Typically, individual investors are recommended to buy and hold stocks for a long time. Trying to time the market or panic-selling during a falling market are often mistakes that investors make. But if the stock no longer aligns with your investment strategy, if the company isn’t making sense in your portfolio or if you need to sell your holding for any other reason, you should do so with a plan.
Shares of stock represent a fractional ownership interest of the company that issued them. By owning a share or multiple shares, investors may receive returns through capital appreciation if the stock’s price rises or from dividend payouts. They also gain the ability to influence the company through their votes as a shareholder.
Buy and hold is an investment strategy in which the investor buys stocks and holds them for the long term. In other words, this method is about riding out any ups and downs in stock you own, rather than trying to swing trade the price movement.
A stock ticker symbol is a short chain of letters that serves as a firm's unique identifier in the trade market. Companies issue stocks or bonds to raise funds, and if their issues trade on stock markets, they need to have a special symbol to be found by people quickly.
A bear market occurs when the price of an investment falls at least 20% from its high.
A stock market correction is when the market falls 10% from its 52-week high. In a correction, the 10% decline will manifest over days, weeks, or months. In a stock market crash, the 10% price drop occurs in just one day. These crashes can lead to a bear market, which is when the market falls another 10% for a total decline of 20% or more.
A price-to-earnings ratio, or P/E ratio, is the measure of a company's stock price in relation to its earnings. When trying to decide whether to invest in a certain stock, using the P/E can help you explore the stock's future direction.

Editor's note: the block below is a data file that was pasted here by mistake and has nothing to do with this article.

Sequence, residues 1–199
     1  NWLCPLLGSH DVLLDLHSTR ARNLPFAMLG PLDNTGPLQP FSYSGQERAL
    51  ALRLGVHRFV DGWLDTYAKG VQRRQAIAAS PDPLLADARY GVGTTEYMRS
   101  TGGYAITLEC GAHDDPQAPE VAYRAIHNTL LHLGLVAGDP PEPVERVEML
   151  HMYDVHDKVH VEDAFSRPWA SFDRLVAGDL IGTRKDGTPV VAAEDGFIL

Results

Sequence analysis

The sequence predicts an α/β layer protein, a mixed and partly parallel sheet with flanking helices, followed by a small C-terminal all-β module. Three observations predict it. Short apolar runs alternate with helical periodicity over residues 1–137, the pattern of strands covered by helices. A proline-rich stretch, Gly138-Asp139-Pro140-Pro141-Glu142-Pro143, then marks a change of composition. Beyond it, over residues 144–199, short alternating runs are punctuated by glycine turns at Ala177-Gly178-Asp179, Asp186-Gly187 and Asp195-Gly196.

Blue-chip is a term that is used regarding a company's financial stability and reputation. The name comes from the game of poker—blue chips have the highest value.
A stock split is when a company lowers the price of its stock by splitting each existing share into more than one share. Because the new price of the shares correlates to the new number of shares, the value of the shareholders' stock doesn't change and neither does the company's market capitalization.
Cyclical stocks are those that ebb and flow with the economy. Profits from these stocks can be significant when the economy surges, but losses can be substantial during a downturn. This is in contrast with noncyclical stocks, which are relatively stable regardless of the state of the economy.
Dividends are a form of profit on investments. They are paid out of company earnings directly to shareholders, who can cash them out or reinvest them. Typically, dividends are taxable to the shareholder who receives them.
A brokerage account is a type of taxable investment account that can be opened with a brokerage firm. The account holder can order trades, such as buying or selling stocks, and those orders are executed by the brokerage firm.
Earnings per share (EPS) is the most important metric to use when you're analyzing a stock. You can calculate a company's EPS using this formula: (Net Income - Dividends on Preferred Stock) ÷ Average Outstanding Shares.